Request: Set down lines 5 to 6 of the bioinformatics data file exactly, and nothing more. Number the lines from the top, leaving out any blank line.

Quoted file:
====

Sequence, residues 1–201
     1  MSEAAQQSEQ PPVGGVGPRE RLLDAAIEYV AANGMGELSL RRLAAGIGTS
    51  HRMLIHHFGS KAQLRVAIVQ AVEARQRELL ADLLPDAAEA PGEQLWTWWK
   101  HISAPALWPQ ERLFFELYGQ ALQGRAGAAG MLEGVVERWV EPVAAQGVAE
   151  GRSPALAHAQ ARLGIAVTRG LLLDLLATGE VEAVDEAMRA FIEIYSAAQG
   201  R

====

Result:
   151  GRSPALAHAQ ARLGIAVTRG LLLDLLATGE VEAVDEAMRA FIEIYSAAQG
   201  R